How geneticists can use machine learning

machine learning overview
A figure from the publication showing a common supervised machine learning workflow involving four steps: training, applying, scoring, and interpretation.
Azodi et al.

In a review published online April 17 in Trends in Genetics, “Opening the Black Box: Interpretable Machine Learning for Geneticists,” Shin-Han Shiu and his colleagues describe the power of machine learning tools for analyzing complex data and how these models can be applied to research questions in genetics and genomics.

Along with an overview of classical and deep-learning machine learning algorithms, the article discusses interpretation strategies to probe a trained model to better understand why and how the model works. Such strategies can provide insights into the underlying biology, such as relevant DNA motifs or microRNA features that best predict the expression level of a gene.

Shin-Han Shiu Shin-Han Shiu

Shiu, a professor of plant biology and computational mathematics, science and engineering at Michigan State University, answered a few questions about the work.

What do you think your GLBRC colleagues would be most interested in knowing about machine learning and its use in genetics research?
Machine learning is an established field in computer science and is playing an increasingly important role in biological research over the past decade. Machine learning excels at finding patterns, including not very obvious ones, from a large set of data. With genetic data such as genome sequences accumulating at a rapid pace, these data can be integrated with machine learning approaches to answer challenging and/or new questions.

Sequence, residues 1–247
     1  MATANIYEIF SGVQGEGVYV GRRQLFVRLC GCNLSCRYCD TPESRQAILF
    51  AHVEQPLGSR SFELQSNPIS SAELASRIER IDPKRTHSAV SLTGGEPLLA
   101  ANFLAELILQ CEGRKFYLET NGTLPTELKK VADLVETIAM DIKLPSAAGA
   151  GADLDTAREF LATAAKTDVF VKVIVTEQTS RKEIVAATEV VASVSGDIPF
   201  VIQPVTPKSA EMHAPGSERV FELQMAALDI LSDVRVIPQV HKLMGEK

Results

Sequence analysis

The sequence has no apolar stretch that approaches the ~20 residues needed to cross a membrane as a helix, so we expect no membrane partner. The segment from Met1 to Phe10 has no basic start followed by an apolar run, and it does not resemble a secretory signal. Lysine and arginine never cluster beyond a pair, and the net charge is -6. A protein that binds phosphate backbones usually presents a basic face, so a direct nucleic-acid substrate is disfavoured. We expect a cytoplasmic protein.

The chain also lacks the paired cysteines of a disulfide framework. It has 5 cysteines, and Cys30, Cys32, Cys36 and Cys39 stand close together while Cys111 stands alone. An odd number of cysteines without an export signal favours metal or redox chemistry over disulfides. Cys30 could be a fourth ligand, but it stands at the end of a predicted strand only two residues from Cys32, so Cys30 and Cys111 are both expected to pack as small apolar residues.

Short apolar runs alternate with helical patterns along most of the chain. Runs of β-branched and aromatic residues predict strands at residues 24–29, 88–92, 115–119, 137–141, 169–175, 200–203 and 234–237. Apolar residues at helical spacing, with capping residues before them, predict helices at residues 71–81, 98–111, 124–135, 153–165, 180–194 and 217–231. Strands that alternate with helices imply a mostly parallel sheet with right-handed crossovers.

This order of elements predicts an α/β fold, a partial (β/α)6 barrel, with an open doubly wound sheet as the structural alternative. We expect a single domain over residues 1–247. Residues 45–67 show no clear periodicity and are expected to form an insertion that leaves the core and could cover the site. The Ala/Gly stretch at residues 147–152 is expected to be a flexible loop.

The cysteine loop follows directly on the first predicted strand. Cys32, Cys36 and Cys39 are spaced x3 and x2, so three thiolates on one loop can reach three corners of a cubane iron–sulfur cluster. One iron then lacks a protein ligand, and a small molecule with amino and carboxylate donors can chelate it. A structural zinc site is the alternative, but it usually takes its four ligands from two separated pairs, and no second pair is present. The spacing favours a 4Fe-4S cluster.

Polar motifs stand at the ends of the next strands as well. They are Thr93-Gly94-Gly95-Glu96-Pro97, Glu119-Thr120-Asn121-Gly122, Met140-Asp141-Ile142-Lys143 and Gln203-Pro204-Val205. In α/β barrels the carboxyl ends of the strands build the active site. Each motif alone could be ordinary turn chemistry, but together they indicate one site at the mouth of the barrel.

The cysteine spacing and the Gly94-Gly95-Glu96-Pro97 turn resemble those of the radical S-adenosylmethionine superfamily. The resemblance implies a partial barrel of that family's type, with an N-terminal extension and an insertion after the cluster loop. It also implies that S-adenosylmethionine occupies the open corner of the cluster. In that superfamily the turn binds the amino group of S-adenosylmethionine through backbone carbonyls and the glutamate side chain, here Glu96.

How are you using machine learning tools in your own work?
We have used machine learning tools to predict morphological and biochemical traits of switchgrass using genetic variation data, in collaboration with Michael Casler (UW–Madison) and David Lowry (MSU). Using the same set of tools, we are also collaborating with Sarah Evans at MSU on predicting below-ground microbiome diversity and with Audrey Gasch at UW–Madison on predicting the fitness of yeast strains overexpressing different genes for field-to-product integration purposes.

What do you see as some of the most exciting potential uses of machine learning in genetics and genomics research?
Because of its ability to deal with data from very different sources, machine learning can integrate heterogeneous data sets to provide better solutions to existing problems or problems that one cannot address due to the challenges in data integration. It has the potential to help us establish comprehensive models of, for example, how different genes, transcripts, and proteins impact cellular function; how genotypes are connected with phenotypes; or how genetic and environmental factors — biotic or abiotic — jointly impact plant growth and function.

Read more:
Christina B. Azodi, Jiliang Tang, and Shin-Han Shiu. “Opening the Black Box: Interpretable Machine Learning for Geneticists.” Trends in Genetics. Published online April 17, 2020. doi: